Should I go with a Celeron instead or perhaps a used PIII / Athlon? I don't have a lot of options when it comes to new motherboards so it's Asus or FiC if I buy new stuff.

Any thoughts?

-- Martin
Enough with giving away love. Now I'm sad and lonely. I need a hug.
#6 by Hugin
2002-04-22 15:55:25
lmccain@nber.org
*shrug* Freedom and choice are good things.  Options are good things. Any player can play any game in a cheesy way, and if that's what brings them joy, who is another gamer or developer to say "Oh, you aren't playing it correctly" ? (not counting multiplayer of course, your ability to be cheesy ends at my nose)

Do people really reload saves in strategy games over and over just to hope to get fiddly random advantages in battles? I never imagined, honestly. My feeling in strategy games always was, you win or you lose.  You can try it again to "win cleaner" or "win differently" if you think you have a really clever alternate idea, something stylish, or try it again with a different strategy if you just plain lost, or go back to save to avoid a battle altogether if you think it was a bad idea.  But not reloading over and over sheerly hoping that the "die rolls" will go your way this time, especially not in order to save a unit here or there.  Pfft.  Suck it up.
#7 by piramida
2002-04-22 15:56:43
Reseeding each load in strategy games is cheating built-in the game.

signatures are stupid.
#8 by mrbloo
2002-04-22 16:12:37
mrbloo2000@hotmail.com
Damn, must see if this patch will allow me to finish my game.  Good stuff though M0nty.  Never realised it worked like that.  It was a bit hard to spot in Civ1 though as the AI cheated fairly outragously - I'd never attack a spearman with just one tank :)
#9 by Greg
2002-04-22 17:05:25
Wait a second, the end of the topic turned the conversation away from randomness, and into savegames...

Greg

-Swallow it all and be glad, for a shilling I've paid and a shilling's worth I'll be having!
#10 by Darkseid-D
2002-04-22 17:09:04
rogerboal@hotmail.com
motherboard

Epox 8kha+

chip

Athlon xp 1600 oem

Ram

www.Crucial.com 256mb pc2100 DDR


AMD are currently phasing out the DURON line, youre better off going for the full Athlon/XP anyway, theres not a great deal of a price difference.

www.pricewatch.com will give you an idea on prices.


I have the above rig (with 512mbs of ddr ram) and I have to say its been THE most trouble free motherboard Ive ever had, put it in, plug everything in and away it goes, no real tweaking or workarounds, no foible or wacko behaviour needing to be tolerated.

it just works, thats the highest accolade I can bestow on any setup.

Ds

Never argue with an idiot, theyll drag you down onto their level, then beat you with experience.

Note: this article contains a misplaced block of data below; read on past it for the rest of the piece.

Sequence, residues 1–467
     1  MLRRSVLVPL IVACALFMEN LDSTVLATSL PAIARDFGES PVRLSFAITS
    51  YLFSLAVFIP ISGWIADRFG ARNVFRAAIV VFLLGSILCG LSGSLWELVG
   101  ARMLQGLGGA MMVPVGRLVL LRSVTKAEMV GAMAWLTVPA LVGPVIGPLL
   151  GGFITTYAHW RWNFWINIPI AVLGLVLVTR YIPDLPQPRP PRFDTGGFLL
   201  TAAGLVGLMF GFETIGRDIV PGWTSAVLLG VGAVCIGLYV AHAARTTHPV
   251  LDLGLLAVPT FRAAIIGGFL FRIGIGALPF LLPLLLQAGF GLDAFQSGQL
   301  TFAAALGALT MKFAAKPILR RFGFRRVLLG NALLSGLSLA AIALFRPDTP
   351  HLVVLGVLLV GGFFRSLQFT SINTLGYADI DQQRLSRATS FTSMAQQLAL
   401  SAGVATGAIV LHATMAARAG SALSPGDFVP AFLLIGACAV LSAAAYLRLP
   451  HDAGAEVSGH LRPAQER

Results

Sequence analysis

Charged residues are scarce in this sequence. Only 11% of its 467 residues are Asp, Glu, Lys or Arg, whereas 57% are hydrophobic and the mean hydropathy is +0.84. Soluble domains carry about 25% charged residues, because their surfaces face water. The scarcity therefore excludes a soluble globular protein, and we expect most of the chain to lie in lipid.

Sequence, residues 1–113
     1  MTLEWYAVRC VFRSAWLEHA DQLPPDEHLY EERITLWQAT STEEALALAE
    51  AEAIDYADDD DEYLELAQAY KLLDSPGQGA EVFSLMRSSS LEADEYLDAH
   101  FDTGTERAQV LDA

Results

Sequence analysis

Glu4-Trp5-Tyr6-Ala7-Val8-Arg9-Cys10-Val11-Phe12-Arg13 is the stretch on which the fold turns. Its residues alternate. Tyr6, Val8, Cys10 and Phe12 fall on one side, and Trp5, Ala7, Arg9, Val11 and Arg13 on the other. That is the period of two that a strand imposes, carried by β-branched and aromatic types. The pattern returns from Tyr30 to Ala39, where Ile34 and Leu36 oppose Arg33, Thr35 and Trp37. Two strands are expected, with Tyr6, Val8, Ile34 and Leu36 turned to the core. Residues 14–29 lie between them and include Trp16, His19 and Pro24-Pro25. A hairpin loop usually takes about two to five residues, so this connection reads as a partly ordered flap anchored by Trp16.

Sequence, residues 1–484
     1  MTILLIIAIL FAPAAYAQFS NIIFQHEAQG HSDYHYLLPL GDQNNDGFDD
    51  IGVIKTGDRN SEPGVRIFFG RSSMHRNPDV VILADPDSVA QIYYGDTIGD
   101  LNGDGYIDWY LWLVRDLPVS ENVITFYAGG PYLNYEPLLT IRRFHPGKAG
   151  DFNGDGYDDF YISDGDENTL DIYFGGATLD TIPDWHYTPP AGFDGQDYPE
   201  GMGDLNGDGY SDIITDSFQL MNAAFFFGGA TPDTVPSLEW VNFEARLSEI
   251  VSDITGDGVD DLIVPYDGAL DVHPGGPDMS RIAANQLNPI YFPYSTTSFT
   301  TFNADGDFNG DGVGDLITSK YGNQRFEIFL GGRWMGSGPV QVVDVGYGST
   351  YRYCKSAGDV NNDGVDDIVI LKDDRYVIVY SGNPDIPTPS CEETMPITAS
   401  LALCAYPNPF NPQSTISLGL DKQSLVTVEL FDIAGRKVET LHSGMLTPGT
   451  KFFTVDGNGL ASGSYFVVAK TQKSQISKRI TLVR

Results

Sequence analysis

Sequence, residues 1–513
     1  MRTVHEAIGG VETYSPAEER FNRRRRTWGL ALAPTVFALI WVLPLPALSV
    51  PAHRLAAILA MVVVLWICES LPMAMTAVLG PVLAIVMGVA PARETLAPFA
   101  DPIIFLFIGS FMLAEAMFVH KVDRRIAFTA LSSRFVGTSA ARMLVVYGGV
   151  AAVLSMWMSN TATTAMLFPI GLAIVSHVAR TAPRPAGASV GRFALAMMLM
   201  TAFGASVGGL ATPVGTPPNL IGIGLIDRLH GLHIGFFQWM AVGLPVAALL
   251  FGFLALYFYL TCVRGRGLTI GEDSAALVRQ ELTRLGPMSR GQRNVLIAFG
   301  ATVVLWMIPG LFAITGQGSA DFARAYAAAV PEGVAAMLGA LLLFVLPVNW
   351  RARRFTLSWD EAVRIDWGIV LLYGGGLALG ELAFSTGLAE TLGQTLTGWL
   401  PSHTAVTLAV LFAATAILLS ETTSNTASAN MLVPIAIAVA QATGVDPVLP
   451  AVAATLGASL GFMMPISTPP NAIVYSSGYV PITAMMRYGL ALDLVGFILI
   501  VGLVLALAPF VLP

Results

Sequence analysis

#11 by m0nty
2002-04-22 17:17:11
http://tinfinger.blogspot.com
jafd (#4):
I'm not too clear from the topic... is this something that is toggleable in the config? Or is it assumed that people who don't want to quickload a battle to get different results... simply won't quickload? I can see a problem in the latter instance... similar to the "Iron Man" option that Wizardry 8 provides, I'd like it if one could explicitly lock the seed so, so as to remove all doubt or temptation later on.

The option of whether or not to change the random seed is included in the second world-building screen - the one where you choose your civ, how many opponents, and optional rules. It can't be changed mid-game, which is why it won't work with old saved games.
#12 by m0nty
2002-04-22 17:24:17
http://tinfinger.blogspot.com
Hugin, you would understand that the Civ series brings out the anal retentive wargamer lurking in the hearts of many young children brought up on a diet of GI Joe and Stratego. The Highest Score table adds to replayability, making you want to save every unit and defend every last tile of turf, just to gain that extra percentile when the credits play. This is true of every game with a High Score table, not just strategy games - something also used to great effect with pinball games.
#13 by Bailey
2002-04-22 17:34:46
Told you it would happen, m0nty.

Myself, personally, I favor the old adage of "the developer owes you nothing", but more accurately, once I buy the game, they owe me patches. Once I buy. Until it's functioning as intended/ promised. They do not, however, owe a vocal minority of whiny forum fanbois a game tweaked to their particular playing style. If a company managed to get all the way to gold master without your help, they can probably get the rest of the way on their own as well. Sure, there's some people who offer great, viable solutions to in-game issues, but it's the developers to sift through five million bits of dross for one post/ e-mail of gold.

One of the few reasons I actually endorse Verant. They might be a bloated, arrogant, derivative and dull product creator, but they learned a long time ago, as Kelly Flock put it, "you just fuck us up".

Words to live by.

What would Jesus warez?
#14 by jafd
2002-04-22 17:39:37
If it is toggleable, then I have zero complaints; I'd love to see more games include options to adjust low-level game rules, then let the player decide what kind of game they want to play. (Yeah, it'd be nice if you could bring it into (or out of) in-progress games, but, whaddya want, a pony?)